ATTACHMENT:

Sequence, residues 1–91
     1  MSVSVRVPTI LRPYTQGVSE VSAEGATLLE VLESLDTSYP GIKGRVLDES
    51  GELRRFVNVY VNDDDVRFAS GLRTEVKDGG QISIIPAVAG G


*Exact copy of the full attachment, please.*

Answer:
Sequence, residues 1–91
     1  MSVSVRVPTI LRPYTQGVSE VSAEGATLLE VLESLDTSYP GIKGRVLDES
    51  GELRRFVNVY VNDDDVRFAS GLRTEVKDGG QISIIPAVAG G